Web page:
AIRLINK 69.92 Increased By ▲ 4.72 (7.24%)
BOP 5.46 Decreased By ▼ -0.11 (-1.97%)
CNERGY 4.50 Decreased By ▼ -0.06 (-1.32%)
DFML 25.71 Increased By ▲ 1.19 (4.85%)
DGKC 69.85 Decreased By ▼ -0.11 (-0.16%)
FCCL 20.02 Decreased By ▼ -0.28 (-1.38%)
FFBL 30.69 Increased By ▲ 1.58 (5.43%)
FFL 9.75 Decreased By ▼ -0.08 (-0.81%)
GGL 10.12 Increased By ▲ 0.11 (1.1%)
HBL 114.90 Increased By ▲ 0.65 (0.57%)
HUBC 132.10 Increased By ▲ 3.00 (2.32%)
HUMNL 6.73 Increased By ▲ 0.02 (0.3%)
KEL 4.44 No Change ▼ 0.00 (0%)
KOSM 4.93 Increased By ▲ 0.04 (0.82%)
MLCF 36.45 Decreased By ▼ -0.55 (-1.49%)
OGDC 133.90 Increased By ▲ 1.60 (1.21%)
PAEL 22.50 Decreased By ▼ -0.04 (-0.18%)
PIAA 25.39 Decreased By ▼ -0.50 (-1.93%)
PIBTL 6.61 Increased By ▲ 0.01 (0.15%)
PPL 113.20 Increased By ▲ 0.35 (0.31%)
PRL 30.12 Increased By ▲ 0.71 (2.41%)
PTC 14.70 Decreased By ▼ -0.54 (-3.54%)
SEARL 57.55 Increased By ▲ 0.52 (0.91%)
SNGP 66.60 Increased By ▲ 0.15 (0.23%)
SSGC 10.99 Increased By ▲ 0.01 (0.09%)
TELE 8.77 Decreased By ▼ -0.03 (-0.34%)
TPLP 11.51 Decreased By ▼ -0.19 (-1.62%)
TRG 68.61 Decreased By ▼ -0.01 (-0.01%)
UNITY 23.47 Increased By ▲ 0.07 (0.3%)
WTL 1.34 Decreased By ▼ -0.04 (-2.9%)
BR100 7,399 Increased By 104.2 (1.43%)
BR30 24,136 Increased By 282 (1.18%)
KSE100 70,910 Increased By 619.8 (0.88%)
KSE30 23,377 Increased By 205.6 (0.89%)

ISLAMABAD: Pakistan temporarily suspended mobile phone services on Thursday to strengthen security as voting began in the country’s national election, the interior ministry said.

The government’s decision comes amidst a rise in attacks in the run-up to the election and a day after jailed former Prime Minister Imran Khan urged his supporters to wait outside polling booths after voting until results are announced.

“As a result of the recent incidents of terrorism in the country precious lives have been lost, security measures are essential to maintain the law and order situation and deal with possible threats, hence the temporary suspension of mobile services across the country,” the interior ministry said in a message on X.

Two blasts near election offices on Wednesday killed 26 people in the southwestern province of Balochistan.

Islamic State claimed responsibility for the blasts in a message on its Telegram channel.

The country is on high alert with tens of thousands of troops and paramilitary soldiers on duty across the country, including at polling stations. Pakistan also said it was closing its borders with Iran and Afghanistan for the day for security purposes.

Unofficial first results in the election are expected a few hours after voting closes at 5 p.m. (1200 GMT) and a clear picture is likely to emerge early on Friday.

The main contests are expected to be between candidates backed by Imran, whose Pakistan Tehreek-e-Insaf (PTI) party won the last national election, and the Pakistan Muslim League (PML-N) of three-time premier Nawaz Sharif, who is considered the front-runner.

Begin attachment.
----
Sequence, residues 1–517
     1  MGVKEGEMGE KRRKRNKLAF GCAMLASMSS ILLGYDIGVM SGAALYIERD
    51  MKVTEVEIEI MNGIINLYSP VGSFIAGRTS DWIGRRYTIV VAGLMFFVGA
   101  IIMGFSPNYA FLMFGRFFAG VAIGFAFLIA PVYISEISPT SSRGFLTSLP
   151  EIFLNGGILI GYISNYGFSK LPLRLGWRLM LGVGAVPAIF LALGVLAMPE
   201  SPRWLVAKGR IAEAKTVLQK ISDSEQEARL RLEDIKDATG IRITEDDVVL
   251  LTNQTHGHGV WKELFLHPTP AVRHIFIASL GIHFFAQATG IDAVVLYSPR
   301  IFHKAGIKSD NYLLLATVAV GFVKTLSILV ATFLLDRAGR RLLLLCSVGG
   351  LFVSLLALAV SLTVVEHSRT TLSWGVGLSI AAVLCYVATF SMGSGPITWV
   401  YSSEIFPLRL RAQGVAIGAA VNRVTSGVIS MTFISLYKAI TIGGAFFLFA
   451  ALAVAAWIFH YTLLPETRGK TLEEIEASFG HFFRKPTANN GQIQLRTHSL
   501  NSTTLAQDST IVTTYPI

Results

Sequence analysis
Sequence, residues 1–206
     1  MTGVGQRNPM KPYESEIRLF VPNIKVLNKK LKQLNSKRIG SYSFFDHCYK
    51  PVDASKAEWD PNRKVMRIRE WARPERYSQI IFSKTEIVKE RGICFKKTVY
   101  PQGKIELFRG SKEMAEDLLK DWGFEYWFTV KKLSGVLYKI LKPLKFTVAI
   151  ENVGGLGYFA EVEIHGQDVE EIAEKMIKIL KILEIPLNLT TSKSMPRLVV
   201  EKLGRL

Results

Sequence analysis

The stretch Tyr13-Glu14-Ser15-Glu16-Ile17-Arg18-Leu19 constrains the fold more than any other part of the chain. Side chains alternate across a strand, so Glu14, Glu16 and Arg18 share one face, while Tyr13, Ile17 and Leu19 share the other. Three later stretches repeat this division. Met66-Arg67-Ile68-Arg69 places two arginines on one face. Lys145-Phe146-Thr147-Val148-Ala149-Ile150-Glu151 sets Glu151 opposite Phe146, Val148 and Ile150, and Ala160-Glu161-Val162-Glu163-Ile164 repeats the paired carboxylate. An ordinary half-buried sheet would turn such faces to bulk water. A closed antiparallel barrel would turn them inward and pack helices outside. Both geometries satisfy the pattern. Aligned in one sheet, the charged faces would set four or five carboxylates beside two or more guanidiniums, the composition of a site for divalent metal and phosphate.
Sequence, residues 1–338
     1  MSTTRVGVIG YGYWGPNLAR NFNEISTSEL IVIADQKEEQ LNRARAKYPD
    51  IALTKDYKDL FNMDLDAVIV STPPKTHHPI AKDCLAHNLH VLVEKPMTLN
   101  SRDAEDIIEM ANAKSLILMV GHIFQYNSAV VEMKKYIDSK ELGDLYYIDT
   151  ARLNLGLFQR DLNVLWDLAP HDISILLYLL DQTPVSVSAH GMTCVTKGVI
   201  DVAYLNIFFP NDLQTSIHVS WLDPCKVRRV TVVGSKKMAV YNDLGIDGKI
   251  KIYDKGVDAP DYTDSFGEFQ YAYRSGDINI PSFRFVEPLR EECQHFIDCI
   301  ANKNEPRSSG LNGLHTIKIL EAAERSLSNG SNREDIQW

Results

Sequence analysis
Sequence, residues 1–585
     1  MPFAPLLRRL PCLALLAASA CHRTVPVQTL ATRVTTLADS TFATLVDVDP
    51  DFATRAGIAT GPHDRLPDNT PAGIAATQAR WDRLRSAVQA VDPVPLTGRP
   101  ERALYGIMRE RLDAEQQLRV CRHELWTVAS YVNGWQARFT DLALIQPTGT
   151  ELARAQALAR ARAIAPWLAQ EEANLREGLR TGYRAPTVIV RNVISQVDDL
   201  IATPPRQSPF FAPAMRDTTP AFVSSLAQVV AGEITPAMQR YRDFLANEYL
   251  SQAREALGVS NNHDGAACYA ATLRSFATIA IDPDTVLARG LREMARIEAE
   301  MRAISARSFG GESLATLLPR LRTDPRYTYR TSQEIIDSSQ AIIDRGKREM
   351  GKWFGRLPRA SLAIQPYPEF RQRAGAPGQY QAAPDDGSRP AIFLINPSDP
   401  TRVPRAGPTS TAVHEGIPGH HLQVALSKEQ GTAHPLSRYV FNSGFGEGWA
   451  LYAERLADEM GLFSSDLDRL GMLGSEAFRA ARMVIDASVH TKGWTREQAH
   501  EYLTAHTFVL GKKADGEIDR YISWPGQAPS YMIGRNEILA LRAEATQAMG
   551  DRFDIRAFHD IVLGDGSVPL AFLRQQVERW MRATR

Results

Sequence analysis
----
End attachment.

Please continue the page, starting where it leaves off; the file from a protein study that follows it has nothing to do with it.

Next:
Bilawal Bhutto Zardari, the 35-year-old son of former premier Benazir Bhutto, has also run an aggressive campaign in an outside bid for the top office.

In spite of the bitter winter cold, long queues began forming at polling stations hours before voting was due to start. “The country is at stake, why should I come late?” said 86-year-old Mumtaz, a housewife a decade older than Pakistan itself as she queued up in Islamabad.

Businessman Imran Sheikh, 52, said he was voting for an independent candidate backed by Imran to “make it right”.

“They are trying everything in their power to make sure people don’t vote,” he said.

“But many people like me and others I know will make sure we get out and vote,” he added.

Switched places

The two former prime ministers – Imran and Nawaz – have switched places since the last election in 2018.

If the election does not result in a clear majority for anyone, as analysts are predicting, tackling multiple challenges will be tricky - foremost being seeking a new bailout programme from International Monetary Fund (IMF) after the current one expires in March.

Smaller political parties could play a crucial role in the formation of a government that will need 169 seats in the 336-member National Assembly. Voters directly elect 266 members while there are 70 reserved seats - 60 for women and 10 for non-Muslims - allotted according to the number of seats won by each party.

Independents, many of whom are being backed by Imran, are free to join any party if they win, which could swing fortunes after the vote. Imran has said his candidates will not back Sharif or Bhutto Zardari.

Comments

200 characters
Mushtaqq Feb 08, 2024 05:30pm
I have to agree with the comment that economic situation is so grave and the solution so painful that anyone who forms government will be the loser.
thumb_up Recommended (0) reply Reply